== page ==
Depending on the kind of newsletter you’re sending, make sure to follow a timeline that best suits the purpose and nature of what you’re about to send!
Key Takeaway #5: In terms of content, it's best to avoid sending out a newsletter before something is made public—so focus on populating investor inboxes with a curation of topics that happened in the past instead of real-time (or worse, advanced) updates. This makes it crucial to develop a proper content plan for your newsletter sequences so that you stay on top of potential instances of information leaks and non-compliant actions.
Julia explains this crucial compliance detail, saying:
“Don't send out a newsletter before something, especially like insider information, is public. So it's usually again like a summary of past events, maybe giving a bit more details than you would put on social media, but it's more like a curation of topics that happened in the past as opposed to some news flash that you want to put out.”
Instead of focusing on on-going updates, it’s more optimal to create newsletter content that works with a curation of past topics!
Investor relations newsletters have emerged as a powerful tool for companies to communicate with their investors and stakeholders. The ability to provide timely updates, personalize communication, build investor relationships, showcase company progress, and expand the investor audience makes email marketing an essential component of investor relations strategies.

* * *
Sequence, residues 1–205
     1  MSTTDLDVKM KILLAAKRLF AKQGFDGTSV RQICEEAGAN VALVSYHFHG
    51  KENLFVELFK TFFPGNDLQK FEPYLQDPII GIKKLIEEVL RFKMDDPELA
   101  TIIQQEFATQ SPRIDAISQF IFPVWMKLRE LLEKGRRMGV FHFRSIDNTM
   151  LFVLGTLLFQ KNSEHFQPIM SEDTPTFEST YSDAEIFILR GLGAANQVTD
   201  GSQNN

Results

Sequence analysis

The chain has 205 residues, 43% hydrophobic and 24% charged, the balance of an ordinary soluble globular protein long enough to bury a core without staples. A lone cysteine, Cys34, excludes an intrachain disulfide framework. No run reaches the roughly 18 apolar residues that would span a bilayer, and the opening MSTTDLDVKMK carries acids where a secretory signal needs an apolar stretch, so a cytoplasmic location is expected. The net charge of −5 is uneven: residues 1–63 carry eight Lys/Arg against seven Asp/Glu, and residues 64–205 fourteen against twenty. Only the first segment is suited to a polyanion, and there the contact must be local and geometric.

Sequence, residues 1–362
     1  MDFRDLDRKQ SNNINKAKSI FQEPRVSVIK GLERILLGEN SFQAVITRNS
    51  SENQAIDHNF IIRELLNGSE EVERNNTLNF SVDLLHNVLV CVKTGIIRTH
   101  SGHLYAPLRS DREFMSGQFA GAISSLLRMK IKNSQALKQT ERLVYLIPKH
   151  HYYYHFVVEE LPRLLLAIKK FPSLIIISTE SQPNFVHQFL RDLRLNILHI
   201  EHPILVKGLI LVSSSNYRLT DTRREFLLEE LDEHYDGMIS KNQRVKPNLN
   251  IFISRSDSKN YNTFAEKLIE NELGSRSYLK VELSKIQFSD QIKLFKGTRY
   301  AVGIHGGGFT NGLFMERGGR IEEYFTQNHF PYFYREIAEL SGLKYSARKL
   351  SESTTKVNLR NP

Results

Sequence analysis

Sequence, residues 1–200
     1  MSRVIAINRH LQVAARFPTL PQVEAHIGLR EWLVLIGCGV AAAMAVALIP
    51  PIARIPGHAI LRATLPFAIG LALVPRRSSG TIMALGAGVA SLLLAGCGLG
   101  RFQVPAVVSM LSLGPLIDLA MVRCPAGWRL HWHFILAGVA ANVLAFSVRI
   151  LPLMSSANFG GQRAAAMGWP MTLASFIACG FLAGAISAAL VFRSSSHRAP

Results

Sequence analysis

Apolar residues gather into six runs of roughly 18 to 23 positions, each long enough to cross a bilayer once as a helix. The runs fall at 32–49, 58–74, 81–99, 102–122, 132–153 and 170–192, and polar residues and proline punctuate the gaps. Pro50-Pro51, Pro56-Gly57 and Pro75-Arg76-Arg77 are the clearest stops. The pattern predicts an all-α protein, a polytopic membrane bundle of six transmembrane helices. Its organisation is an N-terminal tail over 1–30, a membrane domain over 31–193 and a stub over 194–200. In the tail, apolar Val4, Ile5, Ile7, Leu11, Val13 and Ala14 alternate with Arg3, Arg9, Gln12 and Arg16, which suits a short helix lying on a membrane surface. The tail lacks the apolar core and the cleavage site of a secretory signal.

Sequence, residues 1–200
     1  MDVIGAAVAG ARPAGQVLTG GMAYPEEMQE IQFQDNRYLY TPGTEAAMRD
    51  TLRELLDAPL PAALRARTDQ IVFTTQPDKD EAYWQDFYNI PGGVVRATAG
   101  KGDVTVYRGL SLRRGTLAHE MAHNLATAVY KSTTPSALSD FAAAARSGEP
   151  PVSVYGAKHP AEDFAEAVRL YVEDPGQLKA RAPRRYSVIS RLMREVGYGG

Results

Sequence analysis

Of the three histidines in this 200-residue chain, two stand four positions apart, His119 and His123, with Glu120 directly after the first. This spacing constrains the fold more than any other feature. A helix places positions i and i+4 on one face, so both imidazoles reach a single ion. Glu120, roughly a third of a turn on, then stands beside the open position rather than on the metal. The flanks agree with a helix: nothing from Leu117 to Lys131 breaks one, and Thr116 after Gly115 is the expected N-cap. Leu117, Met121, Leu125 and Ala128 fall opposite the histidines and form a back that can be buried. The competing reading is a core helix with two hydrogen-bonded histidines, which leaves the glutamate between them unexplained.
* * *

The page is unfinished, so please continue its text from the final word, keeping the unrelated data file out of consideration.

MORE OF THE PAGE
However, companies must also be mindful of the risks involved, including disclosure risk, timing risk, and data protection. By adhering to proper disclosure practices, ensuring timely communication, and prioritizing data protection, companies can harness the full potential of email marketing in investor relations.
By leveraging the power of email marketing, companies can strengthen their relationships with investors, drive engagement, and ultimately achieve their strategic goals.
Investor relations newsletters are not just a means of communication—they’re a potent tool for building trust, fostering loyalty, and driving success in the world of investor relations worth investing in.